The knowledge of these facts is critical if the media and government are to take action which may bring
solutions to the climate change problem.
3. Review of Related Literature
3.1 Coverage, Discourse and Framing of Climate Change Issues in the Media and Newspapers
Climate change is a global issue that is worrisome for people everywhere. One of the social institutions that are
expected to also reflect this worry is the mass media, like other social institutions such as educational institutions,
government agencies, NGOs and CBOs, international organisations, communities, etc. the mass media’s
importance in climate change discourse can obviously be viewed from the perspective of framing, magnifying
and generally influencing social cognitions which in turn may influence actions and policies relating to climate
change positively or negatively.
In an analysis of media reporting of the environment, Boykoff (2009) x-rayed factors that shape media coverage
in a complex, dynamic and non-linear way. To Boykoff, the media are part of the wider cultural politics of the
environment or the complex process through which environmental messages are produced, processed and
consumed. This means, the mass media have to navigate through an avalanche of sources, information,
influences, etc. to provide news to the public.
In the newspaper coverage of wild fire incidences in the U.S., Neuzil (2008) argues that media coverage of the
environment in general have gone through two distinct stages. The first stage was when newspapers covered the
environment only when they are part of the disaster or corporate misdeeds. The second stage, on the other hand,
was when environmental beats became firmly established as a result of some social, economic and cultural
factors that encouraged massive attention to environmental issues.
On newspaper portrayal of climate change science, Boykoff and Mansfield (2007) analysed four selected United
Kingdom tabloid newspapers from 2000 to 2006 using content analysis and triangulated it with interviews with
reporters and editors. The result of the coding of the 974 articles using the Lexis-Nexis database showed that for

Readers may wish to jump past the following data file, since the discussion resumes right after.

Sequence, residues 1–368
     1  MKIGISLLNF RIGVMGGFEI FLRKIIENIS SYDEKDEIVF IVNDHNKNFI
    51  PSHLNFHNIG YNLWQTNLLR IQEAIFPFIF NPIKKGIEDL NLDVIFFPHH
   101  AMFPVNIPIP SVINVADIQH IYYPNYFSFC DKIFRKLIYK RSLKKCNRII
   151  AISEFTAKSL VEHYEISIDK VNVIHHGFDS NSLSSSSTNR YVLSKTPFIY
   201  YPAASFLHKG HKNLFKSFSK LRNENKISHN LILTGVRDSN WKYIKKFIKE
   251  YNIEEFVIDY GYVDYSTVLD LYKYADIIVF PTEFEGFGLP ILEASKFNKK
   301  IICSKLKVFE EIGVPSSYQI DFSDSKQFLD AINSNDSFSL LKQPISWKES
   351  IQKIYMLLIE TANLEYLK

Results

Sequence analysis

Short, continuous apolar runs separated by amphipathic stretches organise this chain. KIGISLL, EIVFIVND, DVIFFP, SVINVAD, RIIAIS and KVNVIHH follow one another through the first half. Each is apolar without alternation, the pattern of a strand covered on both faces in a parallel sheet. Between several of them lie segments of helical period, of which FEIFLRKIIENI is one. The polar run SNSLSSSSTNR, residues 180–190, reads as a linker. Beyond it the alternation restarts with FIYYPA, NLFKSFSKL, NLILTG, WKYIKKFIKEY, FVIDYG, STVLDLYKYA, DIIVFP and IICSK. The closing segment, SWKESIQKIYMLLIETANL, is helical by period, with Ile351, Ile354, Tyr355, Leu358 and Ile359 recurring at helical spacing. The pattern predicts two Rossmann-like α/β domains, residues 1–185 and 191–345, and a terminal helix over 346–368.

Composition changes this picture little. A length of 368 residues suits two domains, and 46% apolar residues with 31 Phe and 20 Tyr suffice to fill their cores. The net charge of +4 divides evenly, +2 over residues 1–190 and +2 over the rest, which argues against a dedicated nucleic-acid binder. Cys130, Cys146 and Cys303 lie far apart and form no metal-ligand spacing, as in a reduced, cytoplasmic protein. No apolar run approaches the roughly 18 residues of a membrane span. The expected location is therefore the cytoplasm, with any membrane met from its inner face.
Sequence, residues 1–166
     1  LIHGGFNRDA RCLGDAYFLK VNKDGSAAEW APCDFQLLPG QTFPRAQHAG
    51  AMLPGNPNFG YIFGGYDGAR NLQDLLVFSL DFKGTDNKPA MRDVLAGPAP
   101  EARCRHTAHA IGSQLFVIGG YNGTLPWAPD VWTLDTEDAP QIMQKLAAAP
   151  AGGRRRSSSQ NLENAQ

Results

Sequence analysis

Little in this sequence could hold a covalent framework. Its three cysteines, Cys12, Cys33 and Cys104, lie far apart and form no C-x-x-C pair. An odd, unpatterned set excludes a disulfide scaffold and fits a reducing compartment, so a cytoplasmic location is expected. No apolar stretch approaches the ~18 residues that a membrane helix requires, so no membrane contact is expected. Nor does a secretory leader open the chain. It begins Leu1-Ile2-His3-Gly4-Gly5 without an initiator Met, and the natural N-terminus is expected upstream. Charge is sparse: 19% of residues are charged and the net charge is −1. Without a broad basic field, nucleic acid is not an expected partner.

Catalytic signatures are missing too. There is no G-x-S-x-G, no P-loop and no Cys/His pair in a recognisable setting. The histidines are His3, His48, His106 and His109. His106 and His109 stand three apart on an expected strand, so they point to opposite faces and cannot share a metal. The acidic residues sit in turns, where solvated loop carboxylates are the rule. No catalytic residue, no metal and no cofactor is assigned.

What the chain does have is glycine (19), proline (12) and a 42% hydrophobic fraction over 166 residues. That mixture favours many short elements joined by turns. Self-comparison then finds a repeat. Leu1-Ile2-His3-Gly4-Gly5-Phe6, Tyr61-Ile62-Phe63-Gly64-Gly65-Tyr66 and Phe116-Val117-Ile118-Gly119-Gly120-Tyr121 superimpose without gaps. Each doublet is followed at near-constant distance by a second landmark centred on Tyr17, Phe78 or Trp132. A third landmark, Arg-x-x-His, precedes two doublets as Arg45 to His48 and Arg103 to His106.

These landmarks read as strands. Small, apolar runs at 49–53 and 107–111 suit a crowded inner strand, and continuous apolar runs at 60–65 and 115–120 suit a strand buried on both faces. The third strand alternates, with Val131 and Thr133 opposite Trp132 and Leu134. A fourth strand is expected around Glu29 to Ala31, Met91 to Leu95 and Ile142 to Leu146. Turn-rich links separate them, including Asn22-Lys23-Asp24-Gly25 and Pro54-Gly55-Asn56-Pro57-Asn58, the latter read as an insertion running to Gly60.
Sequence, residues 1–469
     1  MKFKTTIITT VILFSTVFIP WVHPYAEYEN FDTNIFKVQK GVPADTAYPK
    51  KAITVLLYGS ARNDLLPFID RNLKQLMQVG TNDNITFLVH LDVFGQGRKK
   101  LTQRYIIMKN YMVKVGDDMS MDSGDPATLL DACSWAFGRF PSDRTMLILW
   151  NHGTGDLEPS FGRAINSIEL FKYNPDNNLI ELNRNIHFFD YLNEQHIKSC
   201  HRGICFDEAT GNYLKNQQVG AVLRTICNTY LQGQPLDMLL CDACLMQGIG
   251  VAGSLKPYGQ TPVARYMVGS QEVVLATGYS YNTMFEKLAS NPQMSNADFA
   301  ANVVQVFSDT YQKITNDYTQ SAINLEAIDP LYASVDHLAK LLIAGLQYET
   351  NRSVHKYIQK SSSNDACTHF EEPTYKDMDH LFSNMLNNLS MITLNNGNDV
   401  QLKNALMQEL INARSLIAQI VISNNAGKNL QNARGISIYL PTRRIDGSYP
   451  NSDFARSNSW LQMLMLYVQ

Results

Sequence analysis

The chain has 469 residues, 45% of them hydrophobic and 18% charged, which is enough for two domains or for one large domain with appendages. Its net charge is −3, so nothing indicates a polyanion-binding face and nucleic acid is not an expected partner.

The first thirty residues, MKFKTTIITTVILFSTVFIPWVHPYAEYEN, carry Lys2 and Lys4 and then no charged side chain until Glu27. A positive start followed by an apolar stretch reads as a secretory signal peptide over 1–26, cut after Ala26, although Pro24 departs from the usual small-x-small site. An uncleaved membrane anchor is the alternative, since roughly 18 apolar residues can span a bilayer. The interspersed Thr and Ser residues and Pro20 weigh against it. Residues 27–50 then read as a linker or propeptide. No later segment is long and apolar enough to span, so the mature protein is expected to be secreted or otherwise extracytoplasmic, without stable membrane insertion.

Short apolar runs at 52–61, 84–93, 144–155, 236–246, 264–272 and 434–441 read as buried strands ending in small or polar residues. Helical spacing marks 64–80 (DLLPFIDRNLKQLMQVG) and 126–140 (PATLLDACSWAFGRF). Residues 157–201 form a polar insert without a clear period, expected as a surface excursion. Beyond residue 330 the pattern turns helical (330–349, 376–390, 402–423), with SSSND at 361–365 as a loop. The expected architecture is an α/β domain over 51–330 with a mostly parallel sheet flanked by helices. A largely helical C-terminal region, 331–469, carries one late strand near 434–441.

each of the seven years (2000-2006) the majority of the newspaper reports coded depicted emphasis on
anthropogenic climate change.
Mare (2011) studied Southern African newspapers and found that climate change reports tended to generalise
impact, were that climate change reports were not reflective of urgency, dismal (1/2 percent of 1% environment
reports), negative, event-based, official centred, and buried in the inside pages. The reports also give little South
African context, were framed as a duel between North and South nations, were foreign sourced, biased against
women, and shut out common people.
A major strategy for analysing media is to look at how contents are framed. Carvalho (2007) states that framing
which is common among North American scholars shares comparison with discourse analysis. However,
framing is more about categorisation (largely quantitative), and organisation around central ideas or perspectives
or calling attention to some aspects of reality against others.
Numerous analyses of media content on climate change or global warming were also made using frame analysis.
Boykoff (2007) in the analysis of television news from 1995 to 2006, found out that the media framed discussion
about climate change science as ‘contentious’ despite the consensus of the scientific community. Boykoff (2007)
then suggested that reporters ignore climate skepticism as the solution to such frames that end up confusing the
public on climate science.
In addition, Olausson (2009) used qualitative critical discourse analysis (CDA) to examine how Swedish
newspapers framed responsibility and collective action on global warming for local, national and international
governance. Results showed that the Swedish media framed global warming as a social problem; with collective
action pointing more to mitigation than adaptation; and action is seen more from the transnational or
international angle; and that global warming is also framed with certainty of being anthropogenic. Olausson
concludes that despite the familiar understanding that the media are tied to the policies of their nation-state, the
Swedish newspapers were able to expand beyond their borders on global warming.
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De Vreese, Semetko and Valkenburg (1999) found that five frames constantly recur in newspaper coverage of
global warming or climate change. These are conflict frame, human interest frame, responsibility frame,
consequences frame and morality frame. However, just as newspapers do frame climate change or global
warming stories, Hope (2009) found out that they have the capacity to also reframe stories. Hope reported that a
US regional press framed a gas drilling project in Delaware initially as an economic benefit despite the open
concern of environmentalists. However, due to accidents and hazards that the project resulted to, the press
reframed the project as causing water contamination to the project area. The reframing helped in canceling the
entire project.
4. Theoretical Framework: Framing, Discourse, and Agenda Setting on Climate Change